Carson school board member cited for hit-and-run with fence
October 30, 2007
A Carson City school board member was cited Saturday for an early-morning accident in which he struck a fence and then left the scene.
Joe Enge was contacted at his home two blocks from the scene and two hours after the accident was reported when his license plate was recovered from the road amid fence debris.
“I was driving home late Saturday morning. I was tired. I must have dozed off, hit the curb and hit a fence,” said Enge on Tuesday afternoon.
Enge said he had not been drinking, but was getting back into Carson from “out of town” when the accident occurred about 5:45 a.m. on Southridge Court off Northridge Drive.
“I couldn’t tell which house the fence belonged to because the fence was on one street and the house was on another street and it was dark and late and I was obviously fatigued. It was not practical to even find this house this late, so I went home,” he said.
Homeowner Rudy Schmid, a self-proclaimed early riser, said he was just heading back to his Southridge home from Starbucks when his wife called him because she heard a “horrendous” noise in their backyard. As Schmid came upon the scene, he could see that 32 feet of fence line had been driven through and whomever had driven through it had dragged wooden planks for two houses. While cleaning up the debris, and after a car had driven through it and gotten a flat tire, Schmid said he found a license plate.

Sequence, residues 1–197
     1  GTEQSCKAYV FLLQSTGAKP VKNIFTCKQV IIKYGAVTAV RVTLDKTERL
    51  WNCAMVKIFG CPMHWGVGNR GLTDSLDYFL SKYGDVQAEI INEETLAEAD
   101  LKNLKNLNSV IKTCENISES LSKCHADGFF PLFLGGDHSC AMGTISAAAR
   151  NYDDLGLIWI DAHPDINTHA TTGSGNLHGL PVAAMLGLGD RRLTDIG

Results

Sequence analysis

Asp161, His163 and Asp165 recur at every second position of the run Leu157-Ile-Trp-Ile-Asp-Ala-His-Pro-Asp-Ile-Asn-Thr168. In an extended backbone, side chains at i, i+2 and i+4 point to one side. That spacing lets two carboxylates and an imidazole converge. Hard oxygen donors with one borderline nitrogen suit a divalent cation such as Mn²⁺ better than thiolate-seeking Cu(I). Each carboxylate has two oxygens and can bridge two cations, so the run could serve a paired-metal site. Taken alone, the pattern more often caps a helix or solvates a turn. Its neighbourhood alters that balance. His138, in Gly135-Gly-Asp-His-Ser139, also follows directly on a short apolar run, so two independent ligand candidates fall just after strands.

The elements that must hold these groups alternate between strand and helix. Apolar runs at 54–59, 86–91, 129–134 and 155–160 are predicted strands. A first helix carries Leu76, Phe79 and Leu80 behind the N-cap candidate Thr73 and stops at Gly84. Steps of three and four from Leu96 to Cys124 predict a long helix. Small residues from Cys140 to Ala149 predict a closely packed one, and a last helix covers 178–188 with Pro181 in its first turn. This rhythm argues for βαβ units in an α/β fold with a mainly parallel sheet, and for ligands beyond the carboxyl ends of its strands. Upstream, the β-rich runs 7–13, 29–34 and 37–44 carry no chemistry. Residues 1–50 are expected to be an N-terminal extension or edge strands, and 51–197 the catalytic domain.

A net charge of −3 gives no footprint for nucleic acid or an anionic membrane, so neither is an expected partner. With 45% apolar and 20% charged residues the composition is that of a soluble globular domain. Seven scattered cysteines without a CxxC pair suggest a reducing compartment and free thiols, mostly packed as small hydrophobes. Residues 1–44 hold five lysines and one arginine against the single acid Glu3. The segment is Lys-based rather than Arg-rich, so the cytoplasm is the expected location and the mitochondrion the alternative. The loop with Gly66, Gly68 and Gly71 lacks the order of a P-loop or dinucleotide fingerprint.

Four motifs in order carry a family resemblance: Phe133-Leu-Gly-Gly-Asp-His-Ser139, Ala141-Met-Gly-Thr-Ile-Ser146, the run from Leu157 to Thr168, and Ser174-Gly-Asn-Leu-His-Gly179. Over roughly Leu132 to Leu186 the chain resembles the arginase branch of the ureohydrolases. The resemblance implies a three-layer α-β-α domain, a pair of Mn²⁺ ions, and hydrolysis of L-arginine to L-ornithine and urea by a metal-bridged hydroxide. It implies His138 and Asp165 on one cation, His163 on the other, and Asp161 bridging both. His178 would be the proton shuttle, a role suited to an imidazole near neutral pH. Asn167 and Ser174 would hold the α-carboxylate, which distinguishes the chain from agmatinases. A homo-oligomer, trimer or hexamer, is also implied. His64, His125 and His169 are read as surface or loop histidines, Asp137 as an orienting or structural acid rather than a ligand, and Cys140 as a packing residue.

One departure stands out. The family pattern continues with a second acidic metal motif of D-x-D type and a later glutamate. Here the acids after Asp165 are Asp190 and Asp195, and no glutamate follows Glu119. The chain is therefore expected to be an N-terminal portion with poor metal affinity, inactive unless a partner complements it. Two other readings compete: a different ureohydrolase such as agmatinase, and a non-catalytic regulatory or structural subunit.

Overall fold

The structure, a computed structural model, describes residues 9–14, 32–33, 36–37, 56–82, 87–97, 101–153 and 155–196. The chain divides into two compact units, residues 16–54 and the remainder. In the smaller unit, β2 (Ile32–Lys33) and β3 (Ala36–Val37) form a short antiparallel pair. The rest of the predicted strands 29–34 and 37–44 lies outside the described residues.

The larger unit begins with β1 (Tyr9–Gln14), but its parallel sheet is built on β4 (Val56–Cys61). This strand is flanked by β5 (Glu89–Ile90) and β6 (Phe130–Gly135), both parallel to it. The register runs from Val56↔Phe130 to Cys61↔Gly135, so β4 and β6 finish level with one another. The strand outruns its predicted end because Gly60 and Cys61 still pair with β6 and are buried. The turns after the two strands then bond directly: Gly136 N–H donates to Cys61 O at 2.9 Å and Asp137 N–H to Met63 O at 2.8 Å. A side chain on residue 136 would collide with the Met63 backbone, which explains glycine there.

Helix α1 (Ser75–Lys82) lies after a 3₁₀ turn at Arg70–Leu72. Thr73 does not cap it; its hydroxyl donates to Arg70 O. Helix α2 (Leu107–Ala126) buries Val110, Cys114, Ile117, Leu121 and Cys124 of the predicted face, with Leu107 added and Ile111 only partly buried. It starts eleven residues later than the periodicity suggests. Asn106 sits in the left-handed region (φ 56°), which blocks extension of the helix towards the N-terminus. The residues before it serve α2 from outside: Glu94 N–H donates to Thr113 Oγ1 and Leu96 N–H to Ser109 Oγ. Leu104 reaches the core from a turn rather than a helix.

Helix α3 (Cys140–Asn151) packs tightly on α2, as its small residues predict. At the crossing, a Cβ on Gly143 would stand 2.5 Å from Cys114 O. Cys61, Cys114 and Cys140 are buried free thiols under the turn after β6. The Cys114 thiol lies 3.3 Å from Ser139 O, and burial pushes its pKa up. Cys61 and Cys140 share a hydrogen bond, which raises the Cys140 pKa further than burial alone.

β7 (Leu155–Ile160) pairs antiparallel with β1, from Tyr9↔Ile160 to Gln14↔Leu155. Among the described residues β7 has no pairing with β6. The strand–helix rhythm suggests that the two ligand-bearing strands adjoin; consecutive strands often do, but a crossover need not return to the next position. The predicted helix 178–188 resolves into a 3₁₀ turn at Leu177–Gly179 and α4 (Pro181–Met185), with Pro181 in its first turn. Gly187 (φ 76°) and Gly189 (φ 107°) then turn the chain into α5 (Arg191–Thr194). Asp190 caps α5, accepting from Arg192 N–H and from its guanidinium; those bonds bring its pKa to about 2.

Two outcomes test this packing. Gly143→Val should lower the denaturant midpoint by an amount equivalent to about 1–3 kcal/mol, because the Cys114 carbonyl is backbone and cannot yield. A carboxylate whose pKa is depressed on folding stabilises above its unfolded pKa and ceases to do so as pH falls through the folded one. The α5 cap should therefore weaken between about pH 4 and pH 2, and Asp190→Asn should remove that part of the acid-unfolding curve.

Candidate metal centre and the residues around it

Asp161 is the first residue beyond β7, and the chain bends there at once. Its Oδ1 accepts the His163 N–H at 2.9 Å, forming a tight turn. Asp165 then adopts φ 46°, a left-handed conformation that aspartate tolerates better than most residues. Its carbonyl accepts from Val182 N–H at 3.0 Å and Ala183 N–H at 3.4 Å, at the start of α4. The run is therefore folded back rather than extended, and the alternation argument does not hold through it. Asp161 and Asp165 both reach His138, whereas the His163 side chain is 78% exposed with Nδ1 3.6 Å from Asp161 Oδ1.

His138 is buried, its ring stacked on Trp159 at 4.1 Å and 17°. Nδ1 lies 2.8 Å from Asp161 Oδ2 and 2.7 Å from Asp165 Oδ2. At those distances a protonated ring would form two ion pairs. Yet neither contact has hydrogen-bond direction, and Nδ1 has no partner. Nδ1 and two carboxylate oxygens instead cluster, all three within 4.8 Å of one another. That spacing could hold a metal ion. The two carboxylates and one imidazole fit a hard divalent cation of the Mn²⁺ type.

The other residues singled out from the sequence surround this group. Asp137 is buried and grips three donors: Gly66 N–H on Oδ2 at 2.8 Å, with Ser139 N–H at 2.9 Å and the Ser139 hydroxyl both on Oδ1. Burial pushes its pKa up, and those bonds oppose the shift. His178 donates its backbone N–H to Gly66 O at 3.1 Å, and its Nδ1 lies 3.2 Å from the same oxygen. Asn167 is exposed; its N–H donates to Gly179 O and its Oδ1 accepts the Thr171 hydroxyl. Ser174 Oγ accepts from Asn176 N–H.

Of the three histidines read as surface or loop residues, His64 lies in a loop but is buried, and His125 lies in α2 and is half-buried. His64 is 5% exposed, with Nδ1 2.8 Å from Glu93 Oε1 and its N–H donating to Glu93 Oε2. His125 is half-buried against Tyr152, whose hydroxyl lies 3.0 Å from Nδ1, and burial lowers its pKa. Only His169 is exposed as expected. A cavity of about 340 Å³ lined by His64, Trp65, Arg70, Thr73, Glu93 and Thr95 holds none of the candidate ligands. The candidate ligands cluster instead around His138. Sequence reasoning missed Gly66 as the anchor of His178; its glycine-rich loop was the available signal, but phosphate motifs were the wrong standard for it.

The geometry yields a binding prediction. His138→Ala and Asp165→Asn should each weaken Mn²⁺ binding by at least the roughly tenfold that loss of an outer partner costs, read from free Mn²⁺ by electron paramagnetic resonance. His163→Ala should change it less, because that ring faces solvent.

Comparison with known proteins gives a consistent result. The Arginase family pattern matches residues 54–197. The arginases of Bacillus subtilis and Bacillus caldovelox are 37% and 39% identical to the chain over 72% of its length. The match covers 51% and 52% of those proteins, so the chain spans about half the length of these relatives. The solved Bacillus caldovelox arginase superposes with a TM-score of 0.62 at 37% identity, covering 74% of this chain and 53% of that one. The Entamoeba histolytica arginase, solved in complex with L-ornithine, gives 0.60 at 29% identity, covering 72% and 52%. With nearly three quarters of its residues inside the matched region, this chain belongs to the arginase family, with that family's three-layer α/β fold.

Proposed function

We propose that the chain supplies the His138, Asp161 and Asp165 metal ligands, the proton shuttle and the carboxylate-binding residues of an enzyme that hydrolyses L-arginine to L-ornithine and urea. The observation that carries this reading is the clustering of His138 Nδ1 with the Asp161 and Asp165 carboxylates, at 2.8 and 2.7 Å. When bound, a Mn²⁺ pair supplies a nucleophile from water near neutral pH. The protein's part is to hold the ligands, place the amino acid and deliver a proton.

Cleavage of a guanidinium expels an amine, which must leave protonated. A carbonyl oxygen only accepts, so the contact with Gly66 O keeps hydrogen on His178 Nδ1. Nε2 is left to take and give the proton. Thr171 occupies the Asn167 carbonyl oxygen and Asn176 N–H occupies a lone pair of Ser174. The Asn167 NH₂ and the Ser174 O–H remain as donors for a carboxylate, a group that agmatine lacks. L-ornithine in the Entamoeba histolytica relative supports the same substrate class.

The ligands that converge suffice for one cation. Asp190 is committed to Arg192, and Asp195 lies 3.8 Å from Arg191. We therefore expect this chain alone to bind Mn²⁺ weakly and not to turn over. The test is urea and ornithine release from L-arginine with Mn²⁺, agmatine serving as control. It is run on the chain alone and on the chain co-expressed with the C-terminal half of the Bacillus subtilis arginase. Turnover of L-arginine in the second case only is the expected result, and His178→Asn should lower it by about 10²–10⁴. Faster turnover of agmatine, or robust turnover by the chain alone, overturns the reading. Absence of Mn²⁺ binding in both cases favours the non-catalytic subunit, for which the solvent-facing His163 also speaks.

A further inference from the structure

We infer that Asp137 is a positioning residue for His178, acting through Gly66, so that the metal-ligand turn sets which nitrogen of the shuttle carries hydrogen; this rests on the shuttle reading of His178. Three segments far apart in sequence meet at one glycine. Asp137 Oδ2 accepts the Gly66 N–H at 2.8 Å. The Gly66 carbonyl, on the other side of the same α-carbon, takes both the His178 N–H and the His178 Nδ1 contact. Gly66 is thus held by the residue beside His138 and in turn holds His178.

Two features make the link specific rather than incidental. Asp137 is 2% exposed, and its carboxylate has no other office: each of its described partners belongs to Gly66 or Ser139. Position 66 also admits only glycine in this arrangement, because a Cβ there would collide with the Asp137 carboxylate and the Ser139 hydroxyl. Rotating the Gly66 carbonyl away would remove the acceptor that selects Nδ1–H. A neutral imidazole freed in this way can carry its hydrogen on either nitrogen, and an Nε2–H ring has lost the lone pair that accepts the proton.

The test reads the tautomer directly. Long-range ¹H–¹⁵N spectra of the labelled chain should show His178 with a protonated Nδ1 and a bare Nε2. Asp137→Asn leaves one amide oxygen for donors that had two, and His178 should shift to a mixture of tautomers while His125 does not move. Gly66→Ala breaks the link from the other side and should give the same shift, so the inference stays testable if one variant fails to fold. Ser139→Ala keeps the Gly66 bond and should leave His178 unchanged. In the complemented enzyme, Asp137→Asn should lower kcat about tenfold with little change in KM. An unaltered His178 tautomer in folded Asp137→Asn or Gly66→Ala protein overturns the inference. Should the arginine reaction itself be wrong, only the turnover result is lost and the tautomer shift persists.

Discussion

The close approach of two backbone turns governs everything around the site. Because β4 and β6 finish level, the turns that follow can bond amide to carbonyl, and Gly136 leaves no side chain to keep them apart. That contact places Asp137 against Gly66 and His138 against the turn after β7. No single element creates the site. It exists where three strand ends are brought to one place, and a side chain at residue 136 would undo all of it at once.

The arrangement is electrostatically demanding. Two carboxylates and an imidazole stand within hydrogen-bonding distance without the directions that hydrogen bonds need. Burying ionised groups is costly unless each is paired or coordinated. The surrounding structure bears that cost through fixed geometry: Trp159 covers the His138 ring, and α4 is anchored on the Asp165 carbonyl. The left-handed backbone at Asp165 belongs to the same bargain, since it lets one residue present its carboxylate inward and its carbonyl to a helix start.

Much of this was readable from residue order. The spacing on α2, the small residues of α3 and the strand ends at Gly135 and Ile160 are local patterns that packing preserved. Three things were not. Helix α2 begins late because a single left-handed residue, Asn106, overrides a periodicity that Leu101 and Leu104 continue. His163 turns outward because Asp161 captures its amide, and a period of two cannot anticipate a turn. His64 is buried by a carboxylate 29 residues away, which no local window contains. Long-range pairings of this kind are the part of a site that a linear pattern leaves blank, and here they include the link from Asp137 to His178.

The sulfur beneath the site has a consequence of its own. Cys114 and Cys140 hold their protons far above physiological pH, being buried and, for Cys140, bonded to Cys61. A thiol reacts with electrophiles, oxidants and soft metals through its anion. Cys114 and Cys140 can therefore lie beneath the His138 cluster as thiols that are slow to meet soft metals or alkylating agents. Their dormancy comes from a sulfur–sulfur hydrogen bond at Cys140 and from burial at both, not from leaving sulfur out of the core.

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According to Sheriff’s Lt. Bob White, a deputy determined the plate was registered to Enge, and went to Enge’s Ridgeway Court home. After a short discussion, Enge was cited for hit-and-run.
Enge said he always planned to return to the house in daylight and take care of the matter.
“I don’t want this to be a legal matter. My vehicle did do it …” he said. “I didn’t want to deal with a criminal matter, because I intended and I did contact (the homeowners).”
Enge said he didn’t think to call the police after hitting the fence because, “I’ve actually never hit a fence before so I’m not sure how that works.”
Schmid said he and Enge have since discussed that Enge’s insurance will cover the cost of damages.
“Obviously I’m an honest guy trying to do the right thing,” Enge said.
White said the hit-and-run citation is about a $500 fine.
“This matter could have easily been resolved and a lot less expensive for Mr. Enge if he stopped at the scene of the crime,” Schmid said.
• Contact reporter F.T. Norton at firstname.lastname@example.org or 881-1213.